What to Consider When Buying Heaters For Chicken House

In the market for a new chicken coop heater?  Here are some of the factors you should consider.

Safety Features

Without a doubt, safety is the most crucial concern you need to keep in mind.  There are thousands of inexpensive chicken coop heaters, but you should take your time investing in a cheap product.  When evaluating a chicken coop heater's safety, consider its electrical components and durability.  Look for a heater with bonus features like a tip-over shutoff switch or guards to prevent dust from entering the heating elements.  When you install your heater, ensure you do so in a way that will not allow your chickens to reach it easily.

Brand

The name isn't all about the best chicken coop heaters, but it's a factor.   The more reputable a brand is, the more likely you will purchase a safe, tested machine.  Look for a chicken coop heater with good reviews and skip those with questionable manufacturers.

Wattage

You will also want to consider the wattage of your coop heater.  Most chicken coop heaters are sold at 100 to 150 watts, which is enough to keep your coop toasty.  However, if you have a jumbo-sized coop, you may need to look for a higher-wattage machine/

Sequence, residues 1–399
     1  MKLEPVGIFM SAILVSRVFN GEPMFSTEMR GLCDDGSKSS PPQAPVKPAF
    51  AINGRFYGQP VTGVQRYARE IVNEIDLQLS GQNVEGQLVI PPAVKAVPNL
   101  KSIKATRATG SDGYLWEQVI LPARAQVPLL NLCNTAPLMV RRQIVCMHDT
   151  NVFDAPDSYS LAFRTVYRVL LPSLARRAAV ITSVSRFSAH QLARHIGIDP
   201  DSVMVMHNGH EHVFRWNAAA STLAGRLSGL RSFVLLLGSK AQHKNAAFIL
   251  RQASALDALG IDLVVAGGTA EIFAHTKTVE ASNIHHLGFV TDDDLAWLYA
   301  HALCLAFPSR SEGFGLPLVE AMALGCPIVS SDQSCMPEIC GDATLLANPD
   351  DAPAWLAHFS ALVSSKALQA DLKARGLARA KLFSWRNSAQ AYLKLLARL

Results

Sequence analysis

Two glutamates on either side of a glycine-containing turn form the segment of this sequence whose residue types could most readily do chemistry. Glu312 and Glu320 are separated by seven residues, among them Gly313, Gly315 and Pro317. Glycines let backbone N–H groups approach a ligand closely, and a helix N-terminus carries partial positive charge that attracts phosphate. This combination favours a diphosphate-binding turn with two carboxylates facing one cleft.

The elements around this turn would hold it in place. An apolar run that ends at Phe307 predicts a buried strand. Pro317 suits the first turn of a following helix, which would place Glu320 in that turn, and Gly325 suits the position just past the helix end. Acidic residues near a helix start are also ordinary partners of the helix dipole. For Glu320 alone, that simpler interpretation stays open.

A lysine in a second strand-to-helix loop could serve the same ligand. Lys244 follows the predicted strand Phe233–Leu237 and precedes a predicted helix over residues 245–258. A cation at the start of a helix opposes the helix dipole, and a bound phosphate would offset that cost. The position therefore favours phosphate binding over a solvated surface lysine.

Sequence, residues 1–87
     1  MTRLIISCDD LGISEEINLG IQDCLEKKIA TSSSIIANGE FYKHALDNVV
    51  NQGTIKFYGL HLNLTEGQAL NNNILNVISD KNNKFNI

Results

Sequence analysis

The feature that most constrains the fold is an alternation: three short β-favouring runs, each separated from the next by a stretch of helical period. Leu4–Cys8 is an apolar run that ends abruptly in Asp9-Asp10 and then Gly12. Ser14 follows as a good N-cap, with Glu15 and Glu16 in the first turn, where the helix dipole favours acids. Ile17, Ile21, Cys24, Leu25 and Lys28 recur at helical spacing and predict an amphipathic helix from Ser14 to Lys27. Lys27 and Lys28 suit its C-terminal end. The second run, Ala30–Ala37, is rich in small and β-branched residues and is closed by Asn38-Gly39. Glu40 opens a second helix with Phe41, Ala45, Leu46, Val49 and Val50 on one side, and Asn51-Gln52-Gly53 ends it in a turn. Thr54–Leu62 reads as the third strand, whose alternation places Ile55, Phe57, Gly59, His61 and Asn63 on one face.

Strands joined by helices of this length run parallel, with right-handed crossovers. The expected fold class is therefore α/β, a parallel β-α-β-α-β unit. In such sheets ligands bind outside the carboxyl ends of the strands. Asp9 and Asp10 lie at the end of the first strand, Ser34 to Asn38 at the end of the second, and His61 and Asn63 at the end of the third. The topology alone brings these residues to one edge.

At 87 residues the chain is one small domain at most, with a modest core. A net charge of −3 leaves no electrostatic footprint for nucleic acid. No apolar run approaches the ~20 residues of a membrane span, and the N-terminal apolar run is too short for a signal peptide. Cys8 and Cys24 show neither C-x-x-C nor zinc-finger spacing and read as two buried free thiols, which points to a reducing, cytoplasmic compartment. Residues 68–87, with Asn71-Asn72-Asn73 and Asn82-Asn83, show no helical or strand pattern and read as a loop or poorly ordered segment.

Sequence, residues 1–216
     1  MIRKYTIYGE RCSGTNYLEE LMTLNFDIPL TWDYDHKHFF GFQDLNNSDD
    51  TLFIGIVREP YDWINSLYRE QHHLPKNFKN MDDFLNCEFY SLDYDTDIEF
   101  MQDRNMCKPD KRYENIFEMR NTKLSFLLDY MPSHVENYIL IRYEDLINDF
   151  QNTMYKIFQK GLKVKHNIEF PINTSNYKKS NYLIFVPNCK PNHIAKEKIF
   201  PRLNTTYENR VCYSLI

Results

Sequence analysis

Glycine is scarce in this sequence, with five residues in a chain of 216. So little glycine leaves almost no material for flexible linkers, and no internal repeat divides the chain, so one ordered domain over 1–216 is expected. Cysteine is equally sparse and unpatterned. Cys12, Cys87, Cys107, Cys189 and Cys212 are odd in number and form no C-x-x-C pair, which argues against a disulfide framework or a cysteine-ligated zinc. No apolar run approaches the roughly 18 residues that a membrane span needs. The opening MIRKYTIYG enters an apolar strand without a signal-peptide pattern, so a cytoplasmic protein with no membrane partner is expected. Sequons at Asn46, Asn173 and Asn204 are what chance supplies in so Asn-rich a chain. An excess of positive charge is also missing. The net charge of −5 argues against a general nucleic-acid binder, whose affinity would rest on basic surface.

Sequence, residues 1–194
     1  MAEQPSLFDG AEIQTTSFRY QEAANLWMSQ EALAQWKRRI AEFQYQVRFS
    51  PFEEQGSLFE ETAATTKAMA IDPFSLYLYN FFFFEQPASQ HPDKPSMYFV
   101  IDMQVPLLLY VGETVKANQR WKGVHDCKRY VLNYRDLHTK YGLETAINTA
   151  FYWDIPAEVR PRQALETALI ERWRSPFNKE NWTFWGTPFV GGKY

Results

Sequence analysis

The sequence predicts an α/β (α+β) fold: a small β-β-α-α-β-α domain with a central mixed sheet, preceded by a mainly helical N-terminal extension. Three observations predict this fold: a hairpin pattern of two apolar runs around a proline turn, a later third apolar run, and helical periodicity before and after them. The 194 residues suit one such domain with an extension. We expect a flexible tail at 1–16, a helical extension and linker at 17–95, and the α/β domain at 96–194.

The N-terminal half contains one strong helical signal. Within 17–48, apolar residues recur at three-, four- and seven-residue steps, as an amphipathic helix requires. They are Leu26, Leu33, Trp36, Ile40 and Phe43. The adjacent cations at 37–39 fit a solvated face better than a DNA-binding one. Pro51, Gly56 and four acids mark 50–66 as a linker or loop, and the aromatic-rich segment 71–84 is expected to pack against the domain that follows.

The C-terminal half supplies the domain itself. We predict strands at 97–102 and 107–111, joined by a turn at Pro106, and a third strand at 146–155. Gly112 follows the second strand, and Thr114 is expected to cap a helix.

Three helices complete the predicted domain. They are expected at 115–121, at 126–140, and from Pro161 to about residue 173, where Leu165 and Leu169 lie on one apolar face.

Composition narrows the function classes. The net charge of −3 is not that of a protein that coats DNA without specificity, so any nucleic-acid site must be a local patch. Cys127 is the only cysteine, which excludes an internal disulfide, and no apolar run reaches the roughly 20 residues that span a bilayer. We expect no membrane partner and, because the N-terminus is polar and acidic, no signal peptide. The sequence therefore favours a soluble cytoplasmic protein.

When Heating the Coop is Not Recommended

Heating your chicken coop is excellent if the above conditions apply to your backyard chickens.  However, in some cases, a chicken heater might not make sense.  Most chickens can do well even in bitterly cold temperatures – even as low as zero degrees or less.  If you heat the coop, you need to remember that a sudden drop in temperature if the power goes out can cause difficulties with acclimation.  These difficulties can lead to death.

In addition, when you heat the coop, you increase the humidity in the coop.  If your coop is not ventilated correctly, you may find that your chickens are more prone to frostbite – this is particularly true if you have chickens with large wattles and combs.  As a rule of thumb, remember that you don't need to keep the coop at tropical temperatures.  It should not be below freezing but shouldn't be 65 degrees.  Keeping it at less than 40 degrees Fahrenheit is ideal.

Remember, too much can be just as detrimental as too little!  Even when you think it's downright frigid outside, that doesn't mean that your chickens are suffering.  Heat the coop to the comfort level of your chickens – not necessarily your comfort level.  And remember, your hens are much tougher than you think!